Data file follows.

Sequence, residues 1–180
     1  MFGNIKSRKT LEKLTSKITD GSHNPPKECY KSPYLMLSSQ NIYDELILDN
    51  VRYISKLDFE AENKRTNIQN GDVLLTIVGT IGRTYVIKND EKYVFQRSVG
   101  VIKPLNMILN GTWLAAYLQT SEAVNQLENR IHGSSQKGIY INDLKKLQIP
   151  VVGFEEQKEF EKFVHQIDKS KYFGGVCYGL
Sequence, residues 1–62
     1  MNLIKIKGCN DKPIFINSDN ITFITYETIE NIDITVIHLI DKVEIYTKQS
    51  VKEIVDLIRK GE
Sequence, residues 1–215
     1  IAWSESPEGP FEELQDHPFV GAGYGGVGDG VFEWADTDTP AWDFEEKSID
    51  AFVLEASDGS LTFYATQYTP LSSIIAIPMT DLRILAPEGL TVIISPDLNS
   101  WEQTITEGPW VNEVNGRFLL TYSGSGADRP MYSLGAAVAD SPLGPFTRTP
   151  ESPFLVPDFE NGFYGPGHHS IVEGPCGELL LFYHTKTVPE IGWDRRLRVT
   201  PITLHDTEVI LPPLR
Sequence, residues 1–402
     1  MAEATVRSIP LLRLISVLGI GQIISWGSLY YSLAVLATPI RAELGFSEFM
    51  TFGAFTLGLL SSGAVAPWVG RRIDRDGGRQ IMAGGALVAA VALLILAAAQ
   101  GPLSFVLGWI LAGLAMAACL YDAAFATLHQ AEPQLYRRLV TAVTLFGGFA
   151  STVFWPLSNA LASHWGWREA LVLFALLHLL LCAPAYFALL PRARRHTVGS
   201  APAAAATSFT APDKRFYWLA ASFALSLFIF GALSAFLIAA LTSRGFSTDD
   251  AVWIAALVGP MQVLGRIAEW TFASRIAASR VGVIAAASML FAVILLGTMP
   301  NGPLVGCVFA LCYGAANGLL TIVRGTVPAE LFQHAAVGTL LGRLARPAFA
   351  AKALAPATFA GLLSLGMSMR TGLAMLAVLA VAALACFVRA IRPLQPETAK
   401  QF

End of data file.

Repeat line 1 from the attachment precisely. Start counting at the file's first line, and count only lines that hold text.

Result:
Sequence, residues 1–180